Dive into the Immersive Indie Game ‘Valley’


In Valley, the first-person adventure from Blue Isle Studios, the world around you is deeply connected with your preservation. With many open-world adventures, the game aims to preserve the life of your central character with scant regard for the terrain around you. Explosions, fire, gunshots or scuffles, the ground beneath you is your last concern.

The aim of Valley is the first person action-adventure single-player video game is to explore a futuristic mountain range with several navigations and geographical problems that need solving. To do so, you wear a L.E.A.F (Leap Effortlessly though Air Functionality) suit, a product of WWII experimentation and a get-up that would be stopped at the door of any nightclub.

The L.E.A.F. suit allows you to give or take life from anything organic in the game, but not without side effects. In addition to that miraculous capability, you can run faster than Usain Bolt and leap like you’ve been stung by a giant bee. You’re like a soldier from the Tom Cruise movie Edge of Tomorrow as part human, the part surrounding robot skin. But while you can travel at pace and with great power, the weight of massive responsibility keeps weighing you down.

The Valley of the game’s title is replete with forests, ancient ruins and mystical beasts who prefer shooting fire at you rather than asking you where you got that neat leather jacket. Messing with morality and physics, you can fly around racetracks, swing through the jungle or defend Bambi and her friends around you on the forest floor. The only downside is that the more death you experience, the more the Valley around you suffers. To a large degree, you are responsible not only for yourself but also for the entire environment.

Manipulate life and death: the L.E.A.F. suit can be upgraded throughout the game, allowing Valley to introduce new mechanics and advanced playing techniques gradually, allowing the player to become immersed in the world created by Petar Markovich, who designed and programmed the game.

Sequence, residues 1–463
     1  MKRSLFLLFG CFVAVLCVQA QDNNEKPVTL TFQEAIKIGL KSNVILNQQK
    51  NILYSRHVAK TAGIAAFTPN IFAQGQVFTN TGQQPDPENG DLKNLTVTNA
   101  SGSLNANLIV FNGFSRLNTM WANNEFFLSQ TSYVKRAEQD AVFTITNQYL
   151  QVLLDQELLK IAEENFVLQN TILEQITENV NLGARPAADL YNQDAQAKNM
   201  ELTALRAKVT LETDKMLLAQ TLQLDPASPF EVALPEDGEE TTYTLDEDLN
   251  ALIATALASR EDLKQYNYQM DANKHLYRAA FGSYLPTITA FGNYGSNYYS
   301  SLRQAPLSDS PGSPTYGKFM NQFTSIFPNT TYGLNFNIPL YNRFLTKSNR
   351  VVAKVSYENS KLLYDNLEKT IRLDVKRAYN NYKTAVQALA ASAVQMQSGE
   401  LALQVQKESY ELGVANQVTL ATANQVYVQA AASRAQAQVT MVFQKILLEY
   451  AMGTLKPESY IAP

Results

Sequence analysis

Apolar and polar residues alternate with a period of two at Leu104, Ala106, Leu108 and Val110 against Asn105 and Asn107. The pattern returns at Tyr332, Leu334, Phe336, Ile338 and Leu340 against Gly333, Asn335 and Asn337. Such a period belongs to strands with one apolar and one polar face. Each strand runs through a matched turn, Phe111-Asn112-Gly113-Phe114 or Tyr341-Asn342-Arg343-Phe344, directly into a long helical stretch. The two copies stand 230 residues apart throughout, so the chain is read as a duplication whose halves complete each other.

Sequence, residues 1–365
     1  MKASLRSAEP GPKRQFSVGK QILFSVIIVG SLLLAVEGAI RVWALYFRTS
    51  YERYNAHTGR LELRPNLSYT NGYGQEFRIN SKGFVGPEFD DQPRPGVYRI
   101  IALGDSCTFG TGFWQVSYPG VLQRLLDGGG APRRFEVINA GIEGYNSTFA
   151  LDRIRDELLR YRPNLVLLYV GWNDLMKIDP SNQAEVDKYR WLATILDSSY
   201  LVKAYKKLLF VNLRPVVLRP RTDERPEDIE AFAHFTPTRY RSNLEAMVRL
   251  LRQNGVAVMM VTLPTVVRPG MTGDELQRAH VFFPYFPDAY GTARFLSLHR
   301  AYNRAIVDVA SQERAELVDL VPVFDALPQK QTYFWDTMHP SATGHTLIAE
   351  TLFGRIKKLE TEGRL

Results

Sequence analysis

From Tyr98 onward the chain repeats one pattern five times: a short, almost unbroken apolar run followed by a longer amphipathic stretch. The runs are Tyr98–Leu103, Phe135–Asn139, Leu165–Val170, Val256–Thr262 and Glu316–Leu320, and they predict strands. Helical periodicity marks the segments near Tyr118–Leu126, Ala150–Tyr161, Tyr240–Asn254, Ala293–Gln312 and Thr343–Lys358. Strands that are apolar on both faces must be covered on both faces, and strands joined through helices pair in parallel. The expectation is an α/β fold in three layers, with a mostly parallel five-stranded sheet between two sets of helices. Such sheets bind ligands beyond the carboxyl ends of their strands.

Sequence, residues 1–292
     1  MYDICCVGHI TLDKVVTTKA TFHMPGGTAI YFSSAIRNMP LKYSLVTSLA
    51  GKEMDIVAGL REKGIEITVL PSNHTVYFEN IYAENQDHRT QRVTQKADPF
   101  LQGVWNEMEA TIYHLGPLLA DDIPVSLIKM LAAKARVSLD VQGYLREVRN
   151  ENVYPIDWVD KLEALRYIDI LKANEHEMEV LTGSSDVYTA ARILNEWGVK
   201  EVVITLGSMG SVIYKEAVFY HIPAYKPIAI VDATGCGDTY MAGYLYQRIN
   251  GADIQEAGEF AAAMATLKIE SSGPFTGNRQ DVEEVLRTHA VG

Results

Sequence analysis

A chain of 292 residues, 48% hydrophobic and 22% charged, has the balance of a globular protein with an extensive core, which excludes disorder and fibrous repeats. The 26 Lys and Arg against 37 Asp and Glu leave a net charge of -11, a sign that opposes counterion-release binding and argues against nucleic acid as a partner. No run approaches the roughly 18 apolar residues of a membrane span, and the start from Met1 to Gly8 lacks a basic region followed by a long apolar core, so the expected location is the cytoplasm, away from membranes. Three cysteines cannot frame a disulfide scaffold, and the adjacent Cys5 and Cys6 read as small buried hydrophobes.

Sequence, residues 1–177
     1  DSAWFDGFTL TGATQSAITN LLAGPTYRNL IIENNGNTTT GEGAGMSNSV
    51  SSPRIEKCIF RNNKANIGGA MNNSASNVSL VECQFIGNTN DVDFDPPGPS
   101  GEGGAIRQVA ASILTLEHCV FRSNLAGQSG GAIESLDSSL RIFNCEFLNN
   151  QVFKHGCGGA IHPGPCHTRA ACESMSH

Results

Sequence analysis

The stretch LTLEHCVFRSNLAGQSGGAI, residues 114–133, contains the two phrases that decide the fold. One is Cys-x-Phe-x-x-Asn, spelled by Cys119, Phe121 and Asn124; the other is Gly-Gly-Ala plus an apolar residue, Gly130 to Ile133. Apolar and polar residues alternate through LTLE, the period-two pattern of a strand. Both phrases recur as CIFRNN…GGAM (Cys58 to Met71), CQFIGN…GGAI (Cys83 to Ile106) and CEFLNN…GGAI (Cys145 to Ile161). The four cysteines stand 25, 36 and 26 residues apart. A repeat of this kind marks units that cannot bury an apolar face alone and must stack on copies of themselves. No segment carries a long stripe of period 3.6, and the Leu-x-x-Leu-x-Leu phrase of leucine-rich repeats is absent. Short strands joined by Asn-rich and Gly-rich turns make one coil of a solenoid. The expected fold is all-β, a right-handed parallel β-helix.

Blue Isle Studios, the developers behind the horror-tastic effort Slender: The Arrival, completely changed pace with Valley. Presented alongside such bloodthirsty slaughter, Valley feels like an antidote to more excruciating action, with more focus on design, stunning artwork and a wholly more thought-out narrative. Much credit must go to Selcuk Bor for creating a soundtrack that genuinely invites anyone who plays into an utterly absorbing world.

One criticism could be the game’s lack of pace sporadically suffers from. The game’s mechanics allow you to move at incredible speed, yet some problems take too long to conquer. It wasn’t that I found them challenging. Moreover that however tricky or not they might be, the length of time taken to play out each logistical puzzle was a little too long.

With plenty of fans, you can make your mind up yourself by heading to the official Valley website or watching the launch trailer. If you want to look at a more detailed exploration of Valley’s gameplay, you can head here.

If you want to take a trip deep into the Valley, you can purchase the game for just $19.99 on Xbox One and PlayStation 4, which is available on Steam now. Valley has garnered a 72% score on Metacritic in the two years since its release but still divides opinion on whether it is a world that gamers love to explore or a world that could have done with more expansion before it welcomed any visitors.

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